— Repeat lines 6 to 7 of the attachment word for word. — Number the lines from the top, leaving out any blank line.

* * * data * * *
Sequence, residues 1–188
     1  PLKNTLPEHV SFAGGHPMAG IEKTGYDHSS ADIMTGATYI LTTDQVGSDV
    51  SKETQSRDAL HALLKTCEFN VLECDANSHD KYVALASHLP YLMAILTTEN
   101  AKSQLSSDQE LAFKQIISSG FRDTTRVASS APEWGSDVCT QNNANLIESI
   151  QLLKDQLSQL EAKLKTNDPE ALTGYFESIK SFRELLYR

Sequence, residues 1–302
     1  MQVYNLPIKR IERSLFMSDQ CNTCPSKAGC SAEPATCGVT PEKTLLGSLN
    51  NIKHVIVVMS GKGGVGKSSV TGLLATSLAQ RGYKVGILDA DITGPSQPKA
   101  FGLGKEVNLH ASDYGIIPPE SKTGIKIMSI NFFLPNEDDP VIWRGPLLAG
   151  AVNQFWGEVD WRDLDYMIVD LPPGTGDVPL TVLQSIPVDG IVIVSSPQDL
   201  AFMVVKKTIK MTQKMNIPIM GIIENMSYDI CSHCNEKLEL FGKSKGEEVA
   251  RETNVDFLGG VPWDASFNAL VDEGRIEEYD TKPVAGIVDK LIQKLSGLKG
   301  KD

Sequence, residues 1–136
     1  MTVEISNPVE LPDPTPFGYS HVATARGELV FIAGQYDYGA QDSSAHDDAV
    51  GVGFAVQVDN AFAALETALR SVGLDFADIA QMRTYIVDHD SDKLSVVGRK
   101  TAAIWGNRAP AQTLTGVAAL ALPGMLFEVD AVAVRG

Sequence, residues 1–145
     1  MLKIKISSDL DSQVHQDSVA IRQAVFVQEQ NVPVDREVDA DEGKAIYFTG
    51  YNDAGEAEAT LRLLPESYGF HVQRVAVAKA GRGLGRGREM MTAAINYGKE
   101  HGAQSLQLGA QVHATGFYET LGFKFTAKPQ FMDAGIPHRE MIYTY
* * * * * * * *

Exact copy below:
Sequence, residues 1–302
     1  MQVYNLPIKR IERSLFMSDQ CNTCPSKAGC SAEPATCGVT PEKTLLGSLN